Apprenticing at Spannocchia: A Tuscan Farm with a Maine Flavor

By / Photography By Valery Rizzo | March 23, 2018
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Julia Crijnen
Julia Crijnen, bread whisperer at Spannocchia, makes bread in the outdoor brick oven.

Maine's Seat at La Tavola (The Place Where You Dine)

During my conversation with Silvia Pigozzo, program director of Spannocchia, an 1,100-acre estate and working organic farm in Tuscany, Italy, all I want to do is talk with food in my mouth. 

I imagine spending the end-of-day hours breaking bread with my closest friends and family, staining my lips with sips of deep red wine, and dropping thin, salty pinches of buttery prosciutto into my mouth between words.

That is how strong the connection between food and community is for the Italians.

“I am not actually a farmer, but I live here on the farm at Spannocchia and have grown up here,” Pigozzo tells me, although I immediately suspect she knows much more about farming than she will let on at the moment. After all, how can you grow up at a place like Spannocchia and not have farming in your blood? In fact, Silvia’s father is the farm’s norcino, the Italian word for the person who cures meat, Spannocchia’s main production.

The butcher apprenticeship is one of three educational programs offered at Spannocchia that highlight how to capitalize on regionality to more effectively market food products based on Italy’s rich food culture and history of landscape development. The other two programs are internships, including a farming program, which offers three sessions per year occurring in spring, summer, and fall, and a winter internship during what is considered a quieter time of year. During the winter program, participants focus on animal care and the upkeep of the estate’s vineyards and olive groves. This experience, lasting from December to February, is referred to as tuttofare, to do it all.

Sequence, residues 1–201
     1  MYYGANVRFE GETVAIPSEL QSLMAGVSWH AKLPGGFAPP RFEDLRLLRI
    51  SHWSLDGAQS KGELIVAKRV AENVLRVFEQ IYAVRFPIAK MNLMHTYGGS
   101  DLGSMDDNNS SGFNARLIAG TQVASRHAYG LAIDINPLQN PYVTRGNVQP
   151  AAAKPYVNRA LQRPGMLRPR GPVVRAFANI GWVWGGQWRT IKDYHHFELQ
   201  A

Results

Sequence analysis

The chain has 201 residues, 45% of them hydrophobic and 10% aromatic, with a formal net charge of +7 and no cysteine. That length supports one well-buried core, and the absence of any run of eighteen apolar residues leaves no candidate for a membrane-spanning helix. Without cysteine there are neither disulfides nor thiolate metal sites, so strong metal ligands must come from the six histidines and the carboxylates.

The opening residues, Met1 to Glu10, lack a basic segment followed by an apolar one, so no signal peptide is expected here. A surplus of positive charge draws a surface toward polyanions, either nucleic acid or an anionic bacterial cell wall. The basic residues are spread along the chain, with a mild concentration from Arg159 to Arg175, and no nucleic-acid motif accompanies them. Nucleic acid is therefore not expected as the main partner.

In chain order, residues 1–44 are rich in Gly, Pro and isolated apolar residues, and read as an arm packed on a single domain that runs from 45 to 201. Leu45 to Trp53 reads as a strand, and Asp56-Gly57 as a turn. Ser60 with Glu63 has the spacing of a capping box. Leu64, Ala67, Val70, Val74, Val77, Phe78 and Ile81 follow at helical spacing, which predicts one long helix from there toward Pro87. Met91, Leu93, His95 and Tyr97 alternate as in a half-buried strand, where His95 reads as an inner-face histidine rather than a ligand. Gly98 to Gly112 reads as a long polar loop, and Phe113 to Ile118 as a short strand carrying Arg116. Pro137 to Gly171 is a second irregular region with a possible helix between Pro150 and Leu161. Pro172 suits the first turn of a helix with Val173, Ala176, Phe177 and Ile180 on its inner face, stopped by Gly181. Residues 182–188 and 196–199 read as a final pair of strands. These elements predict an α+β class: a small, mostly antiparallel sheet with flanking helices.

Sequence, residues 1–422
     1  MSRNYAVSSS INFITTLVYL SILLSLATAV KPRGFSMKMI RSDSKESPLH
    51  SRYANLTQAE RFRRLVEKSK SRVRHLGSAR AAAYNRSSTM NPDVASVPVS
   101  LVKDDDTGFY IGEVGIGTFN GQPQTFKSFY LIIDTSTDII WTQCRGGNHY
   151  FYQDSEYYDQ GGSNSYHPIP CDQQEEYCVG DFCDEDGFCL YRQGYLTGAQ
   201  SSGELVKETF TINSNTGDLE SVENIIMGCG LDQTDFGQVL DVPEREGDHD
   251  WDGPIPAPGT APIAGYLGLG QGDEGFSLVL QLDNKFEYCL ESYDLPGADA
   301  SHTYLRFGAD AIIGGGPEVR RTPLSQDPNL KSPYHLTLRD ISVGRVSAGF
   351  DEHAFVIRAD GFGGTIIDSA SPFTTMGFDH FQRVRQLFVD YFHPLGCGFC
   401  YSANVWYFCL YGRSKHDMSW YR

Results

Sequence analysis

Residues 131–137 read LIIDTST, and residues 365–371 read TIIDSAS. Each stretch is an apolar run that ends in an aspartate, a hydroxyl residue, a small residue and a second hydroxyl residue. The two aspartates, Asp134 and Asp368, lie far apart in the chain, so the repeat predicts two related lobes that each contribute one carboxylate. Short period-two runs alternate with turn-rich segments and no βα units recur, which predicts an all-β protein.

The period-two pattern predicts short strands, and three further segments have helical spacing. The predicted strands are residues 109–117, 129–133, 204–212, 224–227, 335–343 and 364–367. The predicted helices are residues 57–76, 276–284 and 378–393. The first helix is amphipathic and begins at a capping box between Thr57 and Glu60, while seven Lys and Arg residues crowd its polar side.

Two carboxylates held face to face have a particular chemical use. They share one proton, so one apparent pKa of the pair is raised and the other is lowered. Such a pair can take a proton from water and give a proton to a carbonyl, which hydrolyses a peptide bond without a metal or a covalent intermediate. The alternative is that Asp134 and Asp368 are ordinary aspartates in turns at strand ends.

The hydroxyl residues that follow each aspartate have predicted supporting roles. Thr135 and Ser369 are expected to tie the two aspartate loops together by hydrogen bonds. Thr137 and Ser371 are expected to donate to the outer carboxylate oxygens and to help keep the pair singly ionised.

“Many of the members who visit Spannocchia to participate in these educational programs are actually from Maine,” says Justine Carlisle, executive director of Spannocchia and a Maine resident herself. This is because the estate’s headquarters for membership and giving—donations that help preserve the estate and keep Spannocchia’s educational programs running—is located in Portland.

Carlisle says that there has always been a strong American-Italian connection at Spannocchia, beginning with the estate’s purchase in 1925 by the Florentine writer, Delfino Cinelli, and his American wife, continuing on with Delfino’s American-born granddaughter, Francesca, who met her husband Randall while he was visiting her family property in 1981 for an architecture program. In 1992 the couple (and current estate owners) moved to Spannocchia with their budding family and the promise of restoration, a farming revival, and the addition of educational programs that paid homage to the past while also incorporating organic and sustainable methods that have influenced not only the Italian farm, but our own local farming operations in Maine.

This should come as no surprise. “There are so many similarities between New England and Tuscany in terms of the food history and the role that small farming plays in the development of the local agricultural economies,” says Erin Cinelli, former executive director of Friends of Spannocchia and the niece of Francesca and Randall.